Regardless, both injuries will only result in a number of debilitating symptoms, which may be temporary or permanent. Some examples of the effects of a spinal cord injury include the following:

  • Numbness, weakness, and tingling feeling.
  • Muscle spasms or sudden reflex activity.
  • Partial or complete loss of muscle control and movement
  • Difficulties in mobility and activities of daily living.
  • Loss or altered sensation
  • Swelling and bleeding in the spinal cord (traumatic causes) can then result in paralysis.
  • Painful or stinging sensation in the head, neck, and back.
  • Loss of bladder and bowel control.
  • Difficulties or changes in breathing, heart rate, metabolism, sexual function, fertility, reflexes, and sensation.

These symptoms can differ in their presentation, duration, and severity depending on the type and level of spinal cord injury. 

Can you recover from a spinal cord injury?

Unfortunately, science has yet to develop a cure for all spinal cord injuries. However, patients can often improve their condition if the proper treatment techniques are followed.

As the swelling goes down through regular treatment, patients can gradually regain some bodily and systemic functions. Rehabilitation may also help in continually restoring t body functions as late as 18 months after the spinal injury. 

However, damaged neurons in the central nervous system and some physiologic impairment in the spinal cord are often permanent. So, recovery is possible for some functions but not all of them.

What are the treatment options for a spinal cord injury?

Patients sustaining spinal cord injuries due to traumatic causes require immediate treatment services, such as surgery. This is needed to improve the blood flow in the affected area and preserve nerve cells and nerve function.

Once the patient is stable, your physician will come up with a treatment plan, which usually includes rehabilitation. 

Rehabilitative programs will help build and maintain body strength, as well as preserve unaffected bodily functions. More importantly, rehabilitation will aid in stimulating neural pathways, thus allowing neuroplasticity and neuroprotection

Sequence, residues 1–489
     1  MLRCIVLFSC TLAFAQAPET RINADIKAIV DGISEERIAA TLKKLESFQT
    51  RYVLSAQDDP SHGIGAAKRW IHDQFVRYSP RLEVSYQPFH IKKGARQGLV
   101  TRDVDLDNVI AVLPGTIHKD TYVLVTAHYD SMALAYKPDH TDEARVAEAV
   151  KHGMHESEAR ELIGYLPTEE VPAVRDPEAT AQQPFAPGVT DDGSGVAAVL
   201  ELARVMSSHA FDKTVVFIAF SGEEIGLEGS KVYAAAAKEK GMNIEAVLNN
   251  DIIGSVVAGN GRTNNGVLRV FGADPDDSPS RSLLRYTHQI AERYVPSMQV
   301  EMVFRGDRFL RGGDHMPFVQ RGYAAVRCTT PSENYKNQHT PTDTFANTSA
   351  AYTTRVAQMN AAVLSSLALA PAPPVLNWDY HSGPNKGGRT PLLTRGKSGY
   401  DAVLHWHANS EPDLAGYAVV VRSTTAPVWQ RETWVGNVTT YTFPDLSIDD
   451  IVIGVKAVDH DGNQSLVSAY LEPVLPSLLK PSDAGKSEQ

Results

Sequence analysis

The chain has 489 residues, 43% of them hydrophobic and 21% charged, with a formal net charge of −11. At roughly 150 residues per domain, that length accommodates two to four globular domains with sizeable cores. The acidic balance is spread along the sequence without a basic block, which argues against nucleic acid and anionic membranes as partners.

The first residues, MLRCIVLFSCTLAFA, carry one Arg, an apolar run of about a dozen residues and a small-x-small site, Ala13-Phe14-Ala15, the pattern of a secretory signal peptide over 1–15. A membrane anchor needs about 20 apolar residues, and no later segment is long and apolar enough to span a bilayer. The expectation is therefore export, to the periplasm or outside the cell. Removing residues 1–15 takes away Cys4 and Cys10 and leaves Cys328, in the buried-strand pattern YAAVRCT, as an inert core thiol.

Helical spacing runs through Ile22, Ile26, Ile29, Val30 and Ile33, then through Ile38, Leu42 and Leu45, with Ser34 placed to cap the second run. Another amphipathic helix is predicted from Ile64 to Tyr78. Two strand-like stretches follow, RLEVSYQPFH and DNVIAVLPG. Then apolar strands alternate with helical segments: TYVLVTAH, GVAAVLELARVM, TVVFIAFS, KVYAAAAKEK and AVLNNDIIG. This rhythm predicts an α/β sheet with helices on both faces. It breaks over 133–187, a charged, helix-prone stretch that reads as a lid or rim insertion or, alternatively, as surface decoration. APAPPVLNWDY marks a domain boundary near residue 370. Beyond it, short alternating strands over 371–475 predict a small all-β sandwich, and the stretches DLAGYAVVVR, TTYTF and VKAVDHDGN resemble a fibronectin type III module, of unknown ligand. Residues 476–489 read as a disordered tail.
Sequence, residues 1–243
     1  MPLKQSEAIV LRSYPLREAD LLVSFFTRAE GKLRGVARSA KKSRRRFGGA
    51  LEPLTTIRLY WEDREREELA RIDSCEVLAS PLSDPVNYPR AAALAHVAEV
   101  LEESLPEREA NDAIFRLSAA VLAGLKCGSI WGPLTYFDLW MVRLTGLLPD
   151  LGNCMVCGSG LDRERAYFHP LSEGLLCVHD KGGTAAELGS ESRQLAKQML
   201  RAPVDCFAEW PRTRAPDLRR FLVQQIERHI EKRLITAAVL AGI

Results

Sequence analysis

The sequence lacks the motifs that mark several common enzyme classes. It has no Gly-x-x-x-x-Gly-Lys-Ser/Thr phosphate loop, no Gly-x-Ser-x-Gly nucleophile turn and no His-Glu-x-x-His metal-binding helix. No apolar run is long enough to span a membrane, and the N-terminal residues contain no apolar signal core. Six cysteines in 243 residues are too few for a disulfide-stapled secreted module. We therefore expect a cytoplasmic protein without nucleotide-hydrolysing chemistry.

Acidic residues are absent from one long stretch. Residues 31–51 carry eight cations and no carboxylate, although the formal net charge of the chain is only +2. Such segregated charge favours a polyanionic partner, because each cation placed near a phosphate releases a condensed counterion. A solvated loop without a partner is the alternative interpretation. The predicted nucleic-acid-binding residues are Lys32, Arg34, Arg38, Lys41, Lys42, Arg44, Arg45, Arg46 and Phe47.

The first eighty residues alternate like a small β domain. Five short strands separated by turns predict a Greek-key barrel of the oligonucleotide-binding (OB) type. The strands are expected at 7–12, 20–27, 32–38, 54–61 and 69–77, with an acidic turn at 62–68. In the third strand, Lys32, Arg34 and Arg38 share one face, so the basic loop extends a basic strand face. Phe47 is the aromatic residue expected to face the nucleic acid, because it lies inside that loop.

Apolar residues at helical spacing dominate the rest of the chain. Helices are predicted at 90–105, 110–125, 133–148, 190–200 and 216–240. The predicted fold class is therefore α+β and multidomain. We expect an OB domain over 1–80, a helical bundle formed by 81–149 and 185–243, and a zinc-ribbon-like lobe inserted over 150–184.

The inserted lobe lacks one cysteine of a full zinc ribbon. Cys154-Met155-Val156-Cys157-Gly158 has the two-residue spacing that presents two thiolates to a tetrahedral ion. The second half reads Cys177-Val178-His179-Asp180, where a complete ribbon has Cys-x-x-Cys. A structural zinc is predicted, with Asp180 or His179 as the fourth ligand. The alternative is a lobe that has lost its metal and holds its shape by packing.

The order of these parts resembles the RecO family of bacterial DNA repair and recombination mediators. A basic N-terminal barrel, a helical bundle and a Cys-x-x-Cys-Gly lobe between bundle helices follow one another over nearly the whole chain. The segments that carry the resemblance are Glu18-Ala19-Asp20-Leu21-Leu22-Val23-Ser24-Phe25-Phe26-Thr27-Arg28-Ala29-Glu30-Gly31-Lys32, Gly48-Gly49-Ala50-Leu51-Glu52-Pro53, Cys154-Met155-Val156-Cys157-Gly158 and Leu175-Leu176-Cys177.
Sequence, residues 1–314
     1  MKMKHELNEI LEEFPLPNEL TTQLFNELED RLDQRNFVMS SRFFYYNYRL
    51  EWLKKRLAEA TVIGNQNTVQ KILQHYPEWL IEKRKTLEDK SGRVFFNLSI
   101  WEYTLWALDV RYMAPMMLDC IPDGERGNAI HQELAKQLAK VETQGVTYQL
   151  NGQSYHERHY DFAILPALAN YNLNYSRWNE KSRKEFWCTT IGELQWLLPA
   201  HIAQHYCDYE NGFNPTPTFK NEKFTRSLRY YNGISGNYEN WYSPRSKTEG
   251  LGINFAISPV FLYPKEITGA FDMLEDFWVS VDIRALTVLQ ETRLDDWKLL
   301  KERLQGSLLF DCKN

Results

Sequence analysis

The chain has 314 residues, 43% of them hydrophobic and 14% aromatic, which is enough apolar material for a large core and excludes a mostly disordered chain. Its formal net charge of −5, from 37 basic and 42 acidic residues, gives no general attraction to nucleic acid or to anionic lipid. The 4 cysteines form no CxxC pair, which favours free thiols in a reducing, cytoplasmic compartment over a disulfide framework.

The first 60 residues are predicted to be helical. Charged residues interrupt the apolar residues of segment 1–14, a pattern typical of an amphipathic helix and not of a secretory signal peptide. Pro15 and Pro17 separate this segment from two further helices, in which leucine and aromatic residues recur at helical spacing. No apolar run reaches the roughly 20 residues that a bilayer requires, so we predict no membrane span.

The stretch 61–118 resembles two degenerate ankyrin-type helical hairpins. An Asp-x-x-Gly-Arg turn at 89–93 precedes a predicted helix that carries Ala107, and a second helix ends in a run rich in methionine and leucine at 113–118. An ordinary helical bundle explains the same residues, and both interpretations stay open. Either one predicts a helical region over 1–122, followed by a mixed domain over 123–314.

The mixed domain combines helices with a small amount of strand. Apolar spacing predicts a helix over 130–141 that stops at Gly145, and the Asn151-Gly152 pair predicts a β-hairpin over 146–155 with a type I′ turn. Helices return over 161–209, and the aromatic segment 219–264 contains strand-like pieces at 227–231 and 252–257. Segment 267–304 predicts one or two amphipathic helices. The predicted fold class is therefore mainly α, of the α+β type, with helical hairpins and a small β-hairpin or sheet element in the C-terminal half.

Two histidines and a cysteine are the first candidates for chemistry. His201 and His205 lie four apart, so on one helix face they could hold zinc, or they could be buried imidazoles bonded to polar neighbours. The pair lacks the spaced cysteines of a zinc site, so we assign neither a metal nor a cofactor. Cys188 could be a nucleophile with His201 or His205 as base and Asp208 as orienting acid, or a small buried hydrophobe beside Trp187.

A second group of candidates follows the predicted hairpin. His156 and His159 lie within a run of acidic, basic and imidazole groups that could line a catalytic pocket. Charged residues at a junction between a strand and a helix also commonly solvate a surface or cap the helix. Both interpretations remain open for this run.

Additionally, these therapeutic programs will help patients develop maximum independence, which can significantly improve their quality of life. Some examples of rehabilitative programs include physical therapy, occupational therapy, speech-language therapy, counseling, and emotional support. 


spinal cord injury rehab

Where to find the best spinal cord injury rehab facility?

As a leading spinal cord injury rehabilitation provider, NeuLife brings the highest quality of medical care and treatment services to each patient in the facility. Our board-certified team of clinicians works together to create an individualized treatment plan tailored to each patient's specific needs. 

We also provide other treatment programs, such as neuro rehabilitation and brain injury rehabilitation and more. Contact us now at 800-626-3876 to learn more!


The material contained on this site is for informational purposes only and DOES NOT CONSTITUTE THE PROVIDING OF MEDICAL ADVICE, and is not intended to be a substitute for independent professional medical judgment, advice, diagnosis, or treatment. Always seek the advice of your physician or other qualified healthcare providers with any questions or concerns you may have regarding your health.


Dedicated to providing the highest caliber of care to individuals with brain injuries, NeuLife Rehabilitation is accredited by the Commission on Accreditation of Rehabilitation Facilities (CARF).
Learn More

Our Partners


Let Us Help...

We know that choosing the next step in your recovery from a catastrophic illness or injury is complex. Together, we can help you take the next step.

Contact us with any questions today.

linkedin facebook pinterest youtube rss twitter instagram facebook-blank rss-blank linkedin-blank pinterest youtube twitter instagram